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Team Russia
D'Arcy McGrath
February 13th, 2002


The Russians are one of the strongest teams in the Olympic tournament, blessed with great goaltending in Nikolai Khabibulin and a high octane offence led by the likes of the Russian Rocket, Pavel Bure.

The team has rid itself of past distractions surrounding the power brokerage of hockey control in Mother Russia. With a former star player coaching the team in Slava Fetisov, the Russian star players have wrestled control from the bureaucracy at home, and are truly playing for themselves.

NO.   PLAYER   Pos.   Ht.   Wt.   Birth Date   Team 
2 Boris Mironov D 6'3 223 3/21/72 Chicago (NHL)
5 Danny Markov D 6'1 190 7/30/76 Phoenix (NHL_
7 Oleg Tverdovsky D 6'1 204 5/18/76 Anaheim (NHL)
8 Igor Larionov C 5'11 170 12/3/60 Detroit (NHL)
10 Pavel Bure RW 5'10 189 3/31/71 Florida (NHL)
11 Darius Kasparaitis D 5'11 212 10/16/72 Pittsburgh (NHL)
12 Oleg Kvasha C 6'5 230 7/26/78 NY Islanders (NHL)
14 Sergei Samsonov LW 5'8 180 10/27/78 Boston (NHL)
19 Alexei Yashin C 6'3 225 11/5/73 NY Islanders (NHL)
20 Valeri Bure RW 5'10 187 6/13/74 Florida (NHL)
23 Vladimir Malakhov D 6'5 230 8/30/68 NY Rangers (NHL)
25 Viktor Kozlov C 6'5 232 2/14/75 Florida (NHL)
27 Alexei Kovalev RW 6'1 215 2/24/73 Pittsburgh (NHL)
31 Yegor Podomatsky G - - - Lokomitiv Yaroslavl
33 Alexei Zhamnov C 6'1 200 10/1/70 Chicago (NHL)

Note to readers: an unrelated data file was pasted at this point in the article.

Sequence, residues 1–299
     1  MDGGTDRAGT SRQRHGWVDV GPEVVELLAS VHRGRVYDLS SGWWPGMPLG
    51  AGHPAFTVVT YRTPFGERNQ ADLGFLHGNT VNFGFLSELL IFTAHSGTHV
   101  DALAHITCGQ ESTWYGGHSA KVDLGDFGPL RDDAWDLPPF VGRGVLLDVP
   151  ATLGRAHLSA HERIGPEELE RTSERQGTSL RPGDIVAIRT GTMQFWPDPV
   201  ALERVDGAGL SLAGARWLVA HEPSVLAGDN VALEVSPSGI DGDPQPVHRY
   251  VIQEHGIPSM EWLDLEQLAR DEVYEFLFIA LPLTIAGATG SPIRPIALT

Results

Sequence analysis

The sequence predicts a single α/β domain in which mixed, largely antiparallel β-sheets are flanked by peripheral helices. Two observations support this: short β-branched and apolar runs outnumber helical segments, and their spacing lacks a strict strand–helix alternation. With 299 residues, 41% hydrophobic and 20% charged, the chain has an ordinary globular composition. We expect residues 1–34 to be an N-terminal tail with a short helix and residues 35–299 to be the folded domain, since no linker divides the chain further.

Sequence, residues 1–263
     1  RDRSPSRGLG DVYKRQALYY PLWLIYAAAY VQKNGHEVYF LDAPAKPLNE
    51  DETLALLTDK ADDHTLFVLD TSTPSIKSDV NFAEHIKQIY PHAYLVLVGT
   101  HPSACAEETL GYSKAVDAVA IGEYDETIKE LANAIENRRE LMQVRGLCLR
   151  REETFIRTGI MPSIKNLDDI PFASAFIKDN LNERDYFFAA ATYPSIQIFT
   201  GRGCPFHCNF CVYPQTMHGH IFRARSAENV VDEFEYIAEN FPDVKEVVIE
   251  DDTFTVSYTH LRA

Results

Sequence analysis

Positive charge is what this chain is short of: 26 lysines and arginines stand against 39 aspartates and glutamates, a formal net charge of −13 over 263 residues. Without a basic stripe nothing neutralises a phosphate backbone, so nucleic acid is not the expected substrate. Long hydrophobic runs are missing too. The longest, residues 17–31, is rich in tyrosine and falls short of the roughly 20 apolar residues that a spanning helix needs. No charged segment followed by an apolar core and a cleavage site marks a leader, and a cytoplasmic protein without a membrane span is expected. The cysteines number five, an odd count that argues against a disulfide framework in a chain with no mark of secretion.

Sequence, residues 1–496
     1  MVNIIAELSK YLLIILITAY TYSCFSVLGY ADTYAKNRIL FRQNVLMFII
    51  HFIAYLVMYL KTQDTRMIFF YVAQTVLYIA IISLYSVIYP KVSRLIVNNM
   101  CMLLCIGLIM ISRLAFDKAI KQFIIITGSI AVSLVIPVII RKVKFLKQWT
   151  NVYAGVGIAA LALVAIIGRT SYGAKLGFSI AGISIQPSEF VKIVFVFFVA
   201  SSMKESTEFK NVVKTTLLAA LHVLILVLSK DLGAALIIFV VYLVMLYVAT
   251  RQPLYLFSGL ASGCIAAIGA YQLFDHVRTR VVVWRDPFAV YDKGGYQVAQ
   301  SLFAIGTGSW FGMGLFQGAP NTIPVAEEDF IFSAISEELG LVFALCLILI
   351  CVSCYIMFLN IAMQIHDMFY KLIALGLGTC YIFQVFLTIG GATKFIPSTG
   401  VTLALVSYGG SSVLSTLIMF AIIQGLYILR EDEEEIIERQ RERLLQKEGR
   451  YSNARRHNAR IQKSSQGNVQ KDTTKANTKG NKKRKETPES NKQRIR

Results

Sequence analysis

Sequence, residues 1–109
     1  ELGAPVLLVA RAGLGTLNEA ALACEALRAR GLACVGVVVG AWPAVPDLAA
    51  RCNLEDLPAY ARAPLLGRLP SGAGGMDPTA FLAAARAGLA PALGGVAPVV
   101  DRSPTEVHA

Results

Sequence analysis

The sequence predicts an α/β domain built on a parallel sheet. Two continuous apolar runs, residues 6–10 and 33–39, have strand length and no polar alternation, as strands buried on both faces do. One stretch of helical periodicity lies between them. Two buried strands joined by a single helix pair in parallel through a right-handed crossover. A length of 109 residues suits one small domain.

35 Nikolai Khabibulin G 6'1 195 1/13/73 Tampa Bay (NHL)
36 Dmitry Yushkevich D 5'11 208 11/19/71 Toronto (NHL)
55 Sergei Gonchar D 6'2 212 4/13/74 Washington (NHL)
61 Maxim Afinogenov RW 6'0 195 9/4/79 Buffalo (NHL)
71 Ilya Kovalchuk RW 6'1 220 4/15/83 Atlanta (NHL)
73 Andrei Nikolishin C 6'0 206 3/25/73 Washington (NHL)
91 Sergei Fedorov C 6'2 200 12/13/69 Detroit (NHL)
- Evgeni Nabokov G 6'0 200 7/25/75 San Jose (NHL)


The defensive core.

The Russians are stacked up front and in goal, but after the first pairing, their defence gets shaky very fast. Sergei Gonchar and Darius Kasparaitis are a formidable duo at the top of the depth list, but after that the rest of the group (Malakhov, Markov, Kravchuk, Mironov, Tverdovsky) are wildly inconsistent, and prone to defensive errors.


Team Russia has been the most successful country in the history of the Olympic hockey tournament. They lead all countries in total gold medal victories with seven in the nation's visits to the Games. They lead Canada by one gold medal overall.

Historically the Russians have had a huge advantage at the Winter Olympics with the now antiquates amateur participation rules. Prior to the 1998 Olympics in Nagano only amateur hockey players were allowed to play, meaning Russian military personnel were in but NHL players were out. In the 1970's and 1980's this gave Russia a huge advantage.

Today Russia is still a very serious gold medal threat, but they may have to work a little harder to get it done.

Flames Players/Prospects

Igor Kravchuk - Kravchuk was added to the squad when Toronto Maple Leaf Dmitri Yuskevich came down with a blood clot in his leg. Kravchuk will likely act as a 7th defenceman, not seeing a lot of ice.

Keys to Victory

The key to a Russian gold medal victory will be to use the large ice to their offensive advantage, and hope that Khabibulin can bail them out when they break down.

Referees will play a large role with the Russian squad as well, as their powerplay could be a sight to behold with their star power.

The Russians are likely built to beat teams like Canada and the United States, but could run into trouble against trapping European teams. - Salt Lake Center


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